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A Baltimore hospital used the five Magnet components as a framework for
transforming its bedside medication administration process. Involving directcare
nurses in decision making was a key aspect of the project.
At one community hospital, nurses, physicians, and administrators worked together to build the infrastructure for Magnet® and just culture into their organization, aiding their pursuit of healthcare excellence.
Last October’s conference honored 40 newly designated and 64 redesignated Magnet organizations, announced the 2010 Magnet Prize recipient, honored Magnet Prize Honors winners, and recognized individual nurse leaders for their outstanding service and contributions.
The American Nurses Credentialing Center’s (ANCC) Magnet Recognition Program® serves as the highest recognition of nursing excellence. The designation puts nurses at the forefront of influencing improved patient outcomes and experience as well as ensuring a safe and healthy work environment. Magnet recognition represents nurses’ commitment to lifelong learning and bedside autonomy, which allows them to continue to advocate for patient care and safety.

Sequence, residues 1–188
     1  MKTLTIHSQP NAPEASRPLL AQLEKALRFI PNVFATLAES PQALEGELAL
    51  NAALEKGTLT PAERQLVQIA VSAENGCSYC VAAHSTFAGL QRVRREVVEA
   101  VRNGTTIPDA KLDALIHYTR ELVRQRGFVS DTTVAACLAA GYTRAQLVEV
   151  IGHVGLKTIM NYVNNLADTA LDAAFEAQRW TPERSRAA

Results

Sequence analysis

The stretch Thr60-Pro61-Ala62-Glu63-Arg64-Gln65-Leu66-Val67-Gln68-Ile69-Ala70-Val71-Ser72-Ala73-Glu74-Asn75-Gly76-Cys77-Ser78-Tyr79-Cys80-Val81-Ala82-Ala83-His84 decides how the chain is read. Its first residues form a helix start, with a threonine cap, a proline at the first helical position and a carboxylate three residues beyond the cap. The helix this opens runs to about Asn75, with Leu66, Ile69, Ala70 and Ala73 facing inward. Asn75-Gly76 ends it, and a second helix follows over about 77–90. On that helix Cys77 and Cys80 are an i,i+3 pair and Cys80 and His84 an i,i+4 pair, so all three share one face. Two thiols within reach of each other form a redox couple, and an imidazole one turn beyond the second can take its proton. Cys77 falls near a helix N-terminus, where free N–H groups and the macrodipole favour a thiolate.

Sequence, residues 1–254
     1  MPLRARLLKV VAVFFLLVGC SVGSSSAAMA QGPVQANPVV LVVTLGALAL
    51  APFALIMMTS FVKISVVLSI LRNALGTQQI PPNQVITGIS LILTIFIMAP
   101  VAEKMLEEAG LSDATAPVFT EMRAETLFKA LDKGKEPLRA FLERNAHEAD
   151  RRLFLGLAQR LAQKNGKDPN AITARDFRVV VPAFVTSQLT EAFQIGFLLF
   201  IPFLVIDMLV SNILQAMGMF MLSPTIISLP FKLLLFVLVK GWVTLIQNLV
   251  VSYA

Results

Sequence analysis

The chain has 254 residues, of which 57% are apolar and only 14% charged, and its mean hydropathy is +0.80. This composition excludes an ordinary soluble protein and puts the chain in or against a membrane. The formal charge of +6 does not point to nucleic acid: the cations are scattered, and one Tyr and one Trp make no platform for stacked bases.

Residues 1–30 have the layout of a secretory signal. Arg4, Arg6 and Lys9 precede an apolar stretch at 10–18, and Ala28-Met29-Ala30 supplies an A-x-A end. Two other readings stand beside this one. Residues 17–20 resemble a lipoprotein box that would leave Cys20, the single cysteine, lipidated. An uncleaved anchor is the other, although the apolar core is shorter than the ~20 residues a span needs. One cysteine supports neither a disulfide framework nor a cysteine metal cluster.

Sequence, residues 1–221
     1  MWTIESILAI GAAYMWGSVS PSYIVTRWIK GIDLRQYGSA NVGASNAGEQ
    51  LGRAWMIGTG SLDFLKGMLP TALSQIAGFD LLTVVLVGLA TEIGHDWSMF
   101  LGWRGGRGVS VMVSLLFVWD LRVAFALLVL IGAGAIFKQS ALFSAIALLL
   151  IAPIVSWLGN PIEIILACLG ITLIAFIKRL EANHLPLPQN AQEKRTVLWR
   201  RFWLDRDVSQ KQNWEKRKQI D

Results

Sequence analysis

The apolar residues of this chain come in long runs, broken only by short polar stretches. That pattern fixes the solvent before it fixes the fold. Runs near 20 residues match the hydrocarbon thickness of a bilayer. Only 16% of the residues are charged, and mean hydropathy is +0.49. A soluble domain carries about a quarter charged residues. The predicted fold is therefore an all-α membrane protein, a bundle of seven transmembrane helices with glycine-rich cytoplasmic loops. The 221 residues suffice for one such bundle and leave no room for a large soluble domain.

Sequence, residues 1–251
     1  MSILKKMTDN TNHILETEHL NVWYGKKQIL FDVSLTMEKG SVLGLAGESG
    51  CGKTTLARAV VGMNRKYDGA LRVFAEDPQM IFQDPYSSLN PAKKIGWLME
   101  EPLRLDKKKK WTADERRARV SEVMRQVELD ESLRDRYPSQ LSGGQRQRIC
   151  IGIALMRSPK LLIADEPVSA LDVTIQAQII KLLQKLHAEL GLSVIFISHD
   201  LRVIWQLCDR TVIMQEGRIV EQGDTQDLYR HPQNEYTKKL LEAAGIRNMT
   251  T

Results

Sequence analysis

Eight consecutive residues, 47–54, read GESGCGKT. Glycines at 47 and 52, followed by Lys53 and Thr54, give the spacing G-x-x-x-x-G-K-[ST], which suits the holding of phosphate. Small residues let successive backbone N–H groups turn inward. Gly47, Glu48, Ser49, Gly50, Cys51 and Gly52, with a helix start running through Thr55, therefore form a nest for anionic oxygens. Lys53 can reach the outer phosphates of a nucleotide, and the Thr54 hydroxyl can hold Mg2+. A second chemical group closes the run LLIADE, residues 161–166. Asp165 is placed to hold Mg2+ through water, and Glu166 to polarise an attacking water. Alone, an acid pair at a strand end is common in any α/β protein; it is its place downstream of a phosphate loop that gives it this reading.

Many organizations lack role-specific competency-based orientation, leaving nurses to learn on the job. Traditionally, nurses learn the charge nurse role over time as they progress from novice to expert, which was sufficient with greater experienced-to-novice nurse ratios. This article highlights a hospital that developed a role-based competency program for charge nurses.
Magnet4Europe represents the largest international implementation science initiative designed to leverage the American Nurses Credentialing Center Magnet® model for improving work environments and clinician well-being in Europe. Partnerships have been created between 68 Magnet-recognized U.S. hospitals and 65 general acute care hospitals in Belgium, England, Germany, Ireland, Norway, and Sweden.
This article kicks off our series that examines the distinguishing traits of Magnet hospitals and discusses strategies that can make healthcare facilities more “magnetic.”
At a rural hospital working toward Magnet recognition, adopting shared decision-making governance increased nurses’ confidence and boosted interdisciplinary collaboration.